Courtesy Cassandra Boland
Dec. 16, 2019
Encounters with astro trash and space spiders
Space Spiders is not the title of a long-forgotten Roger Corman film. Rather, it is one of the 120 projects presented by first-year Bachelor of Education students at the recent Werklund School of Education STEM showcase.
The theme of this year’s showcase was Make the World a Better Place, which Cassandra Boland, Laura Dudek and Rachel Phillips interpreted to include not only earth but also the solar system. The trio created a challenge for Grade 6 students based on a current NASA-funded research project.
In the scenario, Earth is running out of resources so lightweight, compact and durable web-like frameworks are needed to support habitation on other planets. The webs will be built by autonomous spider-like robots in space. Using their STEM knowledge, students must design and program the robots to draw a web for a potential framework design.
- Photo above: Bachelor of Education student Raneem Elhowari explains the role robots can play in preventing forest fires at the recent Werklund School STEM showcase. Photo by Riley Brandt, University of Calgary
“Our concept applies STEM concepts in connection to spiderweb designs and biomimicry to both modern-day and future innovations that better our planet,” explains Boland. “We thought we could have fun with Grade 6 students by making the robot a spider and incorporate mini-challenges that include math concepts, biomimicry and design that they could take home with them for reference. Many visitors left with 3D spider webs that they created after making origami spider webs.”
Tackling local and global dilemmas
Werklund School associate professor Dr. Armando Preciado Babb, PhD, who helped organize the event, explains that students in the Education 427 course were required to design a STEM education task for K-12 students that used Lego Mindstorms EV3 robots. While the project had to include mathematics and science concepts that align with the Alberta Programs of Study, how exactly this was accomplished was left up to the participants. Issues tackled included sustainability, mitigating the effects of natural disasters and using STEM to engage in the arts and humanities.
Babb says he was quite happy with the originality demonstrated. “The students’ enthusiasm was impressive. Our teaching students are learning state-of-the-art philosophies and techniques in education, their ideas and creativity will contribute to change in the school system.”
Werklund School Instructor Dr. Polly Knowlton Cockett, PhD, found that the students took the challenge to heart.
“The BEd students developed authentic inquiries for their future students to address local and global issues. These projects are grounded in care and thus address the health and well-being of ourselves and the more-than-human world,” she says.
One of several highlights for Knowlton Cockett was the team that explored the peril of space debris. Matthew Worton, Amy Pham and Joseph Chidley went as far as creating a chilling film trailer entitled Astro Trash to demonstrate how robots could be employed to manage this growing threat.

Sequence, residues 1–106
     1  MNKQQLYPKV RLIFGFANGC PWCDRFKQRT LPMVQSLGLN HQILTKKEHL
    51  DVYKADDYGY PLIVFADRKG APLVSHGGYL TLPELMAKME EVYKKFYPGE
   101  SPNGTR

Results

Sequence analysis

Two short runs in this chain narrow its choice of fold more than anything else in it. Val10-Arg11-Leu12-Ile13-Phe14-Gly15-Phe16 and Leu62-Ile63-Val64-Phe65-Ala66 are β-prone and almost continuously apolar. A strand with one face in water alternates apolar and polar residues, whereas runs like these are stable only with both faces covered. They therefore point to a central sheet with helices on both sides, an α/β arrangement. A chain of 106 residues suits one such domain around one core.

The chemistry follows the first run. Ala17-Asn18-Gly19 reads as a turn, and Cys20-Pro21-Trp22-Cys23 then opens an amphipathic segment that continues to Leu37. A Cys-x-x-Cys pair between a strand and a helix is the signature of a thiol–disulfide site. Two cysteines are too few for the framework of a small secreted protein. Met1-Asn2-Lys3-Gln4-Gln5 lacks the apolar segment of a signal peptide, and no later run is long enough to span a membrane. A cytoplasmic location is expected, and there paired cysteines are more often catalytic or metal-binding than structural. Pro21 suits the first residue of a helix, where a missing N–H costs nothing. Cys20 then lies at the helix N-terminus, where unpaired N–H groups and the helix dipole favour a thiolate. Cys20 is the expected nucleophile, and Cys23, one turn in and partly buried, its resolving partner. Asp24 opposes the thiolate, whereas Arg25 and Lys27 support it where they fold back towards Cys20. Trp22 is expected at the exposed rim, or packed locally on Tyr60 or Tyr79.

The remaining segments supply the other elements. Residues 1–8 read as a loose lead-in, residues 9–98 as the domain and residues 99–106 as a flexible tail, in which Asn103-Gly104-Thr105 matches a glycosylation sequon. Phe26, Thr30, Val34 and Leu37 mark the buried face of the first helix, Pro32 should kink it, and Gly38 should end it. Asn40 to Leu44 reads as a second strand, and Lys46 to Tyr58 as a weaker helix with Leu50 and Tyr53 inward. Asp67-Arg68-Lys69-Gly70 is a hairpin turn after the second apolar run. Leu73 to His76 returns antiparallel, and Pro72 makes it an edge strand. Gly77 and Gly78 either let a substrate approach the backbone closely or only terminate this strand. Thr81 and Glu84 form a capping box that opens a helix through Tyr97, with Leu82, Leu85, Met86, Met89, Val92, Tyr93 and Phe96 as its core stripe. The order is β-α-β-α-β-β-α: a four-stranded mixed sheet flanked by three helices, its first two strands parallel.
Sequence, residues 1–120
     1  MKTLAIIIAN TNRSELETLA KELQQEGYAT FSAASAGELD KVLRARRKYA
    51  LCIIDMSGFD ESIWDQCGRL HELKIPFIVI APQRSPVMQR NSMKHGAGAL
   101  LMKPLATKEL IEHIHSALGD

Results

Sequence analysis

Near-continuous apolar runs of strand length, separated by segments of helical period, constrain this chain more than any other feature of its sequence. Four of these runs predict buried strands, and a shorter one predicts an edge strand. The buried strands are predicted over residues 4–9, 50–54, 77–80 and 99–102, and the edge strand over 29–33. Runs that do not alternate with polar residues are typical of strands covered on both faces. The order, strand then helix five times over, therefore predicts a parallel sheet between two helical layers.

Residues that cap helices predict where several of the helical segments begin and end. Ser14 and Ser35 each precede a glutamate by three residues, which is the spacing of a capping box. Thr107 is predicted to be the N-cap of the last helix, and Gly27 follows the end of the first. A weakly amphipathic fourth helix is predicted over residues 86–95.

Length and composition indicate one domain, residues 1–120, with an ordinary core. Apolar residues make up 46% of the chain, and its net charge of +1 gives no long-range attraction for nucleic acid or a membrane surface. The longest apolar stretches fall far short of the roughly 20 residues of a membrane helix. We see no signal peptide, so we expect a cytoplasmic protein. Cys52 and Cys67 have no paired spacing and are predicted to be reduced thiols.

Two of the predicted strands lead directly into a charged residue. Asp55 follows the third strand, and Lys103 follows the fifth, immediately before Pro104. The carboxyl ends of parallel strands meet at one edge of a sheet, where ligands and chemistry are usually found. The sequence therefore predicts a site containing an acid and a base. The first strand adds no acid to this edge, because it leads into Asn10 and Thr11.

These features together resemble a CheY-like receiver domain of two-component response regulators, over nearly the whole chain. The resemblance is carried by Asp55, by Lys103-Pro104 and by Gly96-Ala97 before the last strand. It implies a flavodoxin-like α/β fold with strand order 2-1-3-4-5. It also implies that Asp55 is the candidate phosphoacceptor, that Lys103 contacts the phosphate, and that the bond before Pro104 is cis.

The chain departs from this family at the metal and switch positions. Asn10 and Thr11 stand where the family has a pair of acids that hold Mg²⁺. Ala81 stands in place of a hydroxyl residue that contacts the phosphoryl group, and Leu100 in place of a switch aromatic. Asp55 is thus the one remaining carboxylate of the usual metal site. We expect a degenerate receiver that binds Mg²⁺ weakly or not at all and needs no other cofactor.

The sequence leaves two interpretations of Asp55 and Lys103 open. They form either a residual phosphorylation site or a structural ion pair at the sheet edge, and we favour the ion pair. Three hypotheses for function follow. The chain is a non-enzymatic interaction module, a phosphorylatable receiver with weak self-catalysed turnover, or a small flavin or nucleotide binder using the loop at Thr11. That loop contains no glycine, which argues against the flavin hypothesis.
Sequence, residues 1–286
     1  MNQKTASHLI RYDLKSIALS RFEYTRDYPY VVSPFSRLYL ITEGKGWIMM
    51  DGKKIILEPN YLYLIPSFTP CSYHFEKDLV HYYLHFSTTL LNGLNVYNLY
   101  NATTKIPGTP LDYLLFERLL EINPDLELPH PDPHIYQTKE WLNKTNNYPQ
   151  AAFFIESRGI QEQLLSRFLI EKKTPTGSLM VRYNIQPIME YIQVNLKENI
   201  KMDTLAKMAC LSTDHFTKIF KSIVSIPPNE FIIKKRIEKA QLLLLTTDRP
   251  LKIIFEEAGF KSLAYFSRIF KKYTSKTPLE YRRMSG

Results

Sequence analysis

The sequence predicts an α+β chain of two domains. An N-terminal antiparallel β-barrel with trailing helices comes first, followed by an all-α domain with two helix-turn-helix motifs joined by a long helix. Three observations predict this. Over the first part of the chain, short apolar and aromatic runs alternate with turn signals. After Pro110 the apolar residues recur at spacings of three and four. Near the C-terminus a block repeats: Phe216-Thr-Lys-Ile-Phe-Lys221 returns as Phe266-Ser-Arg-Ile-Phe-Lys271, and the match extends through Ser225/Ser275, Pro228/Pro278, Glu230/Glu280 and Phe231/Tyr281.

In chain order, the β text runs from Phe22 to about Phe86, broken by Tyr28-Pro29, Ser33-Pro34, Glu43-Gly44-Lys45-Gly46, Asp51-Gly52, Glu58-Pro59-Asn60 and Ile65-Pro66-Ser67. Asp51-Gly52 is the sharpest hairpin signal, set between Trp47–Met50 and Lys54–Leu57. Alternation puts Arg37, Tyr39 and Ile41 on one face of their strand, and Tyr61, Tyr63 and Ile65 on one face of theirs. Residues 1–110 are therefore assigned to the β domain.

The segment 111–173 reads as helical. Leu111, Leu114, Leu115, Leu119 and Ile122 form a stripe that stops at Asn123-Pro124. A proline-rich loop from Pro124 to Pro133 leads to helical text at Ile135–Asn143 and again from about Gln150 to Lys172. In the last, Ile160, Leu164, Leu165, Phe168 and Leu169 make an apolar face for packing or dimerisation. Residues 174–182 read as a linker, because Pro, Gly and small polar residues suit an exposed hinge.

A more earthbound project was Raneem Elhowari, Carmen Drysdale, Katelyn Slessor and Martina Cardone’s examination of the dangers posed by forest deadfall.
“After we found out that there are about 18,000 forest fires in Alberta, we decided to build robots that work in environmentally and socially just ways,” says Cardone. “By removing deadfall from the forest, the risk of forest fires is decreased, allowing rainfall and additional moisture to be used for new plant growth.”
Problem solving, scientific inquiry, computational thinking and pattern recognition were a few of the skills participants had to employ while engaging with the project, which was designed for Grade 3 students.
Connecting with community
To share this learning opportunity with the community, K-12 schools were welcomed to attend. “A very important feature of the STEM education approach in this course is to participate in society. I know that many practicing teachers are interested in what student teachers design during the program,” says Babb.
Heather Lai brought a complement of Westmount Charter School Grade 6 students to the showcase and says they were inspired by the experience. “The feedback from the students was extremely positive. The students really enjoyed the many ideas presented. They loved the interactive experiences the most.”
Lai also found value in the student work herself. “I was able to see other ways to inspire students with robotics. I also liked connecting with various pre-service teachers as I could always learn from them.”
Babb was pleased to find that the event was beneficial for all involved and is already planning to expand next year’s showcase to include more community groups as well as digital presentation options.